Katrina Conley is a teacher’s dream.
The director of operations for Green Dot Public Schools is working toward one goal for the public charter network’s principals and teachers.
“I want them to focus only on teaching and learning,” Conley said. “Everything else I want to take off their plate.”
The Broad Residency alumna is managing a team that oversees facilities, purchasing, food services, transportation and student recruitment for 23 Green Dot schools in Los Angeles, Memphis, Tennessee and Tacoma, Washington. Based on feedback from school operations staff, Conley has implemented a plan she calls School Operations 2.0, creating a career pathway for school operations staff to become school operations managers. These new positions, Conley believes, will free principals and teachers from worrying about operations while giving school operations staff an opportunity to grow in leadership roles.
“In the past, this was a more clerical role,” said Jesus Sandoval, a school operations manager at Alain LeRoy Locke College Prep Academy in Los Angeles. “Now it’s hands on. We have to find the best ways of managing the school, and that will translate into something positive for our students.”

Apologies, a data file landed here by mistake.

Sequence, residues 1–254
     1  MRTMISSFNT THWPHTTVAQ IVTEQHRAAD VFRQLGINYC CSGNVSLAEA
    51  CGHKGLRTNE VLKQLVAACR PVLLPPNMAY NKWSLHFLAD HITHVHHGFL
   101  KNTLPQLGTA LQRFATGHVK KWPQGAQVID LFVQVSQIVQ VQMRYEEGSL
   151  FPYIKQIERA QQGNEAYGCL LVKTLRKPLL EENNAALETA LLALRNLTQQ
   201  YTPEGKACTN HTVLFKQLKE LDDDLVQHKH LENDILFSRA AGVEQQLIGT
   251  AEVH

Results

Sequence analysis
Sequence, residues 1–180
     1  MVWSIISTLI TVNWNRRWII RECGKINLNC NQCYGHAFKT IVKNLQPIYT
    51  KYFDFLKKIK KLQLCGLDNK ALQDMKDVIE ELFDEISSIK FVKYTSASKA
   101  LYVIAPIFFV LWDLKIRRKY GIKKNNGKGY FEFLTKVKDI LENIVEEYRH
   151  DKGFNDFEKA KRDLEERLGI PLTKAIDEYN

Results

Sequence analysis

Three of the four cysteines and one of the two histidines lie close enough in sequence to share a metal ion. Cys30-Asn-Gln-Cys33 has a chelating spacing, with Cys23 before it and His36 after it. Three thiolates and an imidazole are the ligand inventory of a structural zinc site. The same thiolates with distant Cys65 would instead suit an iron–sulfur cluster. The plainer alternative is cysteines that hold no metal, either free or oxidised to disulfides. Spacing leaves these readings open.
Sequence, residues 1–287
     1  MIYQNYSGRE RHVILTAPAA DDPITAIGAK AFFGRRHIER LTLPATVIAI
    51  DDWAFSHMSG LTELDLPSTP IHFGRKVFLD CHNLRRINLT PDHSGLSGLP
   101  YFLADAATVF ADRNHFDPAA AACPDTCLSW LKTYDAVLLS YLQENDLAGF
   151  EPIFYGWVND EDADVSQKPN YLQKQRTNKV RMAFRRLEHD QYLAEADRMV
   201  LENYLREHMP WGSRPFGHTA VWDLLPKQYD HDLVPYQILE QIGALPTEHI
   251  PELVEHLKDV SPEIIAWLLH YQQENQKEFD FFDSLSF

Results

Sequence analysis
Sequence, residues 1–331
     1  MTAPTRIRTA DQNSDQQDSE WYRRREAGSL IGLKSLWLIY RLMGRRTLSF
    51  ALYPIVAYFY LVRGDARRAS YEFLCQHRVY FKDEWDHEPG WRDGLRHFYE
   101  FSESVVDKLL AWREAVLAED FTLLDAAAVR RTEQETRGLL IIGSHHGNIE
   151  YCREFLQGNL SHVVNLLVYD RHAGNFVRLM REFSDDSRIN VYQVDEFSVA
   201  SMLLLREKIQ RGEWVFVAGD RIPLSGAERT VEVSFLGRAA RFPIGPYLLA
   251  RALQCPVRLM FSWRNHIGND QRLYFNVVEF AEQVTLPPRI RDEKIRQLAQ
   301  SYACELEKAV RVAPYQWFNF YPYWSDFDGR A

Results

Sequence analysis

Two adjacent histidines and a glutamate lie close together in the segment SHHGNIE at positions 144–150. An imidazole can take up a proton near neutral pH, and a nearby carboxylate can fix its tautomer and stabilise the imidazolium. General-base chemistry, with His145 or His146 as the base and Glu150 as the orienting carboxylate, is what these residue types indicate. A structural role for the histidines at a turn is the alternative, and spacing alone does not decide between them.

Thanks to Conley’s efforts, educators can focus on Green Dot’s mission of serving more than 10,000 students, the great majority of whom live in historically high-need communities. As one of the rare non-profit public school operators that pursues full turnarounds of schools—taking charge of an existing school rather than starting a new school and adding a grade each year—Green Dot embraces a demanding operating environment.
For Conley, who is the first in her family to graduate from high school, it is an ideal role.
“I found my calling,” she said. “The experience I had in college completely changed the trajectory of my own life. I wanted to support schools that do the same thing for others.”
“I am the first person in my family to graduate from high school. My
Mom dropped out in ninth grade, and my father dropped out in 10th grade. I grew up with my grandparents, who dropped out in elementary school and middle school. Education was not a huge issue in our family. It was not emphasized. The main thing was getting a job to help support the family. I worked at a factory where most of my family worked. I’m putting these pieces together in an assembly line and I thought, ‘this is not what I want to be doing with my life.’”